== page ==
CozE is a member of the MreCD complex that directs cell elongation in Streptococcus pneumoniae

  • Nature Microbiology 2, Article number: 16237 (2016)
  • doi:10.1038/nmicrobiol.2016.237
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Most bacterial cells are surrounded by a peptidoglycan cell wall that is essential for their integrity. The major synthases of this exoskeleton are called penicillin-binding proteins (PBPs)1,2. Surprisingly little is known about how cells control these enzymes, given their importance as drug targets. In the model Gram-negative bacterium Escherichia coli, outer membrane lipoproteins are critical activators of the class A PBPs (aPBPs)3,4, bifunctional synthases capable of polymerizing and crosslinking peptidoglycan to build the exoskeletal matrix1. Regulators of PBP activity in Gram-positive bacteria have yet to be discovered but are likely to be distinct due to the absence of an outer membrane. To uncover Gram-positive PBP regulatory factors, we used transposon-sequencing (Tn-Seq)5 to screen for mutations affecting the growth of Streptococcus pneumoniae cells when the aPBP synthase PBP1a was inactivated. Our analysis revealed a set of genes that were essential for growth in wild-type cells yet dispensable when pbp1a was deleted. The proteins encoded by these genes include the conserved cell wall elongation factors MreC and MreD2,6,7, as well as a membrane protein of unknown function (SPD_0768) that we have named CozE (coordinator of zonal elongation). Our results indicate that CozE is a member of the MreCD complex of S. pneumoniae that directs the activity of PBP1a to the midcell plane where it promotes zonal cell elongation and normal morphology. CozE homologues are broadly distributed among bacteria, suggesting that they represent a widespread family of morphogenic proteins controlling cell wall biogenesis by the PBPs.

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Change history

  • Corrected online 14 July 2017

    In the PDF version of this article previously published, the year of publication provided in the footer of each page and in the 'How to cite' section was erroneously given as 2017, it should have been 2016. This error has now been corrected. The HTML version of the article was not affected.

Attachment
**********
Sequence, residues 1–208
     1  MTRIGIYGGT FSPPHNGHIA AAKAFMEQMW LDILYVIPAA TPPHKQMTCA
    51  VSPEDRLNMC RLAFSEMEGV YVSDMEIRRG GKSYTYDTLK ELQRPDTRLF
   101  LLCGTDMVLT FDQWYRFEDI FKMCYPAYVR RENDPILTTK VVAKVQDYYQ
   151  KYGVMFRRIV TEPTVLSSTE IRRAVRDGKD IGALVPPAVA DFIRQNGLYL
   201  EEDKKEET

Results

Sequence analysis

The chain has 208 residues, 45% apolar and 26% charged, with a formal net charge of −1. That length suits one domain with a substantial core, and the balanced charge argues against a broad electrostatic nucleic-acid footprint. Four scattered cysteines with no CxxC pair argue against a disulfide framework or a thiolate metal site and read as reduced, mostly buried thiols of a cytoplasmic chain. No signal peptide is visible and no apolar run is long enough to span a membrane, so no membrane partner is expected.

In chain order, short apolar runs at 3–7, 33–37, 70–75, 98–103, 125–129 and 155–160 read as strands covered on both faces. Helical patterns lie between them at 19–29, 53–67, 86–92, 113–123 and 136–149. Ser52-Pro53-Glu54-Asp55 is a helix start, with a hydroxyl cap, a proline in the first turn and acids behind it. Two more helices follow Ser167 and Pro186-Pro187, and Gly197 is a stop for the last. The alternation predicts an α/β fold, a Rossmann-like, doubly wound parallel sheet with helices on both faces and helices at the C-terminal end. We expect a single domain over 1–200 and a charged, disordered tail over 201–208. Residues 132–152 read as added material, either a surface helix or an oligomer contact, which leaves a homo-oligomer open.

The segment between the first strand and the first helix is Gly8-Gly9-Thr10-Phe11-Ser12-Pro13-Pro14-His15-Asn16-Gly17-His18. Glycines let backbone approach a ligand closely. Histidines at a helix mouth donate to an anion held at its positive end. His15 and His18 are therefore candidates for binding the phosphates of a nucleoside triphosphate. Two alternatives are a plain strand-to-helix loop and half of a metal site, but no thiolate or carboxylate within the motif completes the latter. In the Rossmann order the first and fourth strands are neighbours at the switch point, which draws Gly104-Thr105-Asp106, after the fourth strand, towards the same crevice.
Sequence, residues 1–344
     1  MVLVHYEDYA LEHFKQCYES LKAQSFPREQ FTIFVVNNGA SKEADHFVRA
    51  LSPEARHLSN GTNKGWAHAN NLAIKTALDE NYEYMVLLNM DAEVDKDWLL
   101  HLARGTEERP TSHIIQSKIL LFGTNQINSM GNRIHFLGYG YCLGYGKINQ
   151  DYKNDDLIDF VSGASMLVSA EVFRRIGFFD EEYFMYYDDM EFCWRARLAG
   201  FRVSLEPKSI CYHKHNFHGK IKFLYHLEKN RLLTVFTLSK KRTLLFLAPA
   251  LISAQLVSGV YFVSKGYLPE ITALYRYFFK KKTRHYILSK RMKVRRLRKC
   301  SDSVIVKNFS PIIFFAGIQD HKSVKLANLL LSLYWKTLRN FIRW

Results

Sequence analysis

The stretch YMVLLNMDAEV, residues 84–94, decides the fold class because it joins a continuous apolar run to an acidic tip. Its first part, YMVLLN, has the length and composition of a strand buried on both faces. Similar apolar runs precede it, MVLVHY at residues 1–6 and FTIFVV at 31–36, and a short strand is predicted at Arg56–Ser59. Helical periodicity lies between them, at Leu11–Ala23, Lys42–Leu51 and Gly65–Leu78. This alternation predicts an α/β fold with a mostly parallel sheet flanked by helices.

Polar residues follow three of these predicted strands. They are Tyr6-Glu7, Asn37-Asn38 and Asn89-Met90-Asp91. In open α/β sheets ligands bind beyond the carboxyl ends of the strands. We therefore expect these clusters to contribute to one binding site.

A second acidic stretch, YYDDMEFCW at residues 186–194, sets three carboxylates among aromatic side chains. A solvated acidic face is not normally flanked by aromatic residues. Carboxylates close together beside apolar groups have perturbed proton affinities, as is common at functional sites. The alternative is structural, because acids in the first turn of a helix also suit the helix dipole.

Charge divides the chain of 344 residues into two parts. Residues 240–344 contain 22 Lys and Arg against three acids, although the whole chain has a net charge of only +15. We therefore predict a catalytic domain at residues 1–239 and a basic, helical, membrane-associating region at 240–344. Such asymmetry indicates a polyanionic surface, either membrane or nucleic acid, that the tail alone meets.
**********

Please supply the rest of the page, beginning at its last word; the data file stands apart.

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The authors thank all members of the Bernhardt and Rudner laboratories for support and comments. A. Fenton was a jointly mentored postdoctoral fellow bridging work in both laboratories. The authors thank R. Yunck, H. Kimsey, M. Winkler, T. van Opijnen, A. Camilli, N. Campo, J.-W. Veening, T. Vernet and D. Morrison for strains, reagents and technical assistance. This work was supported by the National Institutes of Health (R01AI083365 to T.G.B., CETR U19 AI109764 to T.G.B. and D.Z.R., GM073831 to D.Z.R. and RC2 GM092616 to D.Z.R.).

Author information


  1. Department of Microbiology and Immunobiology, Harvard Medical School, Boston, Massachusetts 02115, USA

    • Andrew K. Fenton
    • , Lamya El Mortaji
    • , Derek T. C. Lau
    • , David Z. Rudner
    •  & Thomas G. Bernhardt


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A.K.F. performed all experiments, designed part of the experimental programme and co-authored the manuscript. L.E.M. carried out essential pilot experiments for the project. D.T.C.L. helped adopt the Tn-seq data analysis pipeline and proofread the manuscript. D.Z.R. and T.G.B. co-supervised the project and co-authored the manuscript.

Competing interests

The authors declare no competing financial interests.

Corresponding authors

Correspondence to David Z. Rudner or Thomas G. Bernhardt.

Supplementary information

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    Supplementary information

    Supplementary Figures 1-17; Supplementary Tables 1-4; Supplementary References

Excel files

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    Supplementary Table 5

    Raw Tn-seq analysis data for wt vs pbp1a